Apollo closes second infra fund on $2.5bn

The vehicle, which was launched in July 2020, has already committed nearly $400m of its capital in assets beyond traditional equity deals.

New York-based Apollo Global Management has closed its second dedicated infrastructure fund on $2.54 billion after about 18 months on the road.

Dylan Foo, who joined Apollo as co-head of infrastructure from AMP Capital in September 2019, told Infrastructure Investor that the fund was targeting $2 billion-3 billion, adding that a $3.5 billion figure noted on an SEC filing in July 2020 for Apollo Infrastructure Opportunities Fund II represented the hard-cap.

Nearly $400 million of the fund’s capital has been committed to date, with the vehicle targeting mid-market infrastructure assets primarily across the communications, power and renewables and transportation verticals.

Existing projects include Broad Reach Power, an energy storage and renewable energy platform; the Ionic Blue joint venture with Johnson Controls, which provides sustainability and energy efficiency services; Great Bay Renewables; US Wind, a Maryland-based offshore wind platform; fibre carrier FirstDigital Telecom; and Parallel Infrastructure, a telecommunications platform with a portfolio of approximately 500 macro cell towers.

Rather than deploying via the traditional route of all equity investments, the fund has used other methods of capital deployment such as preferred and convertible equity in some of its deals.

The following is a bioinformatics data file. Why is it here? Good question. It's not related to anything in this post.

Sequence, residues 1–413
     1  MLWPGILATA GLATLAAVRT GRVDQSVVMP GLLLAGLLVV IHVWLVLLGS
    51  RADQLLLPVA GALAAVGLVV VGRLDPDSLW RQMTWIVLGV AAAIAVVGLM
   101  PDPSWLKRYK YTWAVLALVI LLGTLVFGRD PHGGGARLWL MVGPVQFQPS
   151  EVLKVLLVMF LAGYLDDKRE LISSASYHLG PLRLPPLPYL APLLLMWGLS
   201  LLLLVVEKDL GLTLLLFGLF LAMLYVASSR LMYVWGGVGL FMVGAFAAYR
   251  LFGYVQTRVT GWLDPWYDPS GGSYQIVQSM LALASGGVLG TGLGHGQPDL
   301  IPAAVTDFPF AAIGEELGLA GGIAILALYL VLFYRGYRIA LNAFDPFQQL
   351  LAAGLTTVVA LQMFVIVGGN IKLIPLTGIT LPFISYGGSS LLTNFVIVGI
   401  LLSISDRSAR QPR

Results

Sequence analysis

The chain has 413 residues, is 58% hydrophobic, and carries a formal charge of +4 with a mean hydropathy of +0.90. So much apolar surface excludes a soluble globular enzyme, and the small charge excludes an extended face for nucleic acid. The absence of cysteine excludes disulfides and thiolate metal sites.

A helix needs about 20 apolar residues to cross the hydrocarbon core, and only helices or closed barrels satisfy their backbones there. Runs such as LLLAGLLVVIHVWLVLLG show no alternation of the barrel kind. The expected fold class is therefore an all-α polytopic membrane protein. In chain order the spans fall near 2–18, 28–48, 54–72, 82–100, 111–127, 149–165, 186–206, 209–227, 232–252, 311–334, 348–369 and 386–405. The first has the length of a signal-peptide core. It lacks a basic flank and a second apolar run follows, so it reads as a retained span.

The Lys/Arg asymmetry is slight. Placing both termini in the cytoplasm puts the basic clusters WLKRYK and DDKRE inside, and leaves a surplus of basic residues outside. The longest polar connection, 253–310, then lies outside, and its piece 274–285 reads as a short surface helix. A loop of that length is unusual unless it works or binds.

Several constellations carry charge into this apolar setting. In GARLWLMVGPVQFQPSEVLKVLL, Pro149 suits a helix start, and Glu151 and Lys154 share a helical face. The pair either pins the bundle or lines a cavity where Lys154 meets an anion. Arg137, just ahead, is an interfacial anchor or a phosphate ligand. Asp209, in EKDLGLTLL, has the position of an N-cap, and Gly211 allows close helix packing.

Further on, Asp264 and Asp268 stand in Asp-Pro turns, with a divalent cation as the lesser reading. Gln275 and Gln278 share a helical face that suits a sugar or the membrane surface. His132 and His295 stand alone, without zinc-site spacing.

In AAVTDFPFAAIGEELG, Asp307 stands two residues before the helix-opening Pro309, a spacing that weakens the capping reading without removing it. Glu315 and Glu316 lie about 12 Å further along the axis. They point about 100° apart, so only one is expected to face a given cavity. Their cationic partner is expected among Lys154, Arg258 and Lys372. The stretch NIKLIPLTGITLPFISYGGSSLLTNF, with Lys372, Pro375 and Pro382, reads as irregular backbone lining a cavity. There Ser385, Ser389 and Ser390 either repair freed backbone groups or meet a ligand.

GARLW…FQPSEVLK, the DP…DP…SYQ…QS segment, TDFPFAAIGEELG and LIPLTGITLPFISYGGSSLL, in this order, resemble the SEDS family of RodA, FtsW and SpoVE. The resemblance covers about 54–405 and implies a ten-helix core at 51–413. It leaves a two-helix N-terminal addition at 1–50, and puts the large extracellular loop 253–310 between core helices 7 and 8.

“Apollo as a firm has a reputation in the market investing private equity across the board as being relatively flexible in our mandates,” Foo explained. “We think that flexibility is a really good thing for infrastructure because the return profiles for some of these assets can be very aggressive. [In] applying an equity-control-only strategy, you’re limiting your universe and you’re limiting your flexibility. I think for us, flexibility, creativity and the ability to do more complex structuring is done for one reason, which is to protect the downside, which is what infrastructure is all about.”

In an investing landscape increasingly dominated by mega-funds amassing tens of billions of dollars in capital, Foo was bullish on Apollo’s positioning as a mid-market fund.

“The top guys are getting bigger and it will be interesting to see how it plays out, as they all started where we are today in the mid-market,” he said. “We think there’s a gap now for a platform like ours, with global reach, so we designed our strategy around this mid-market space. We just think there’s more value in mid-market. Is there a place for it? The answer is: yes, absolutely. There’s a place for large cap, too. But we just think the best risk adjustments are mid-market right now.”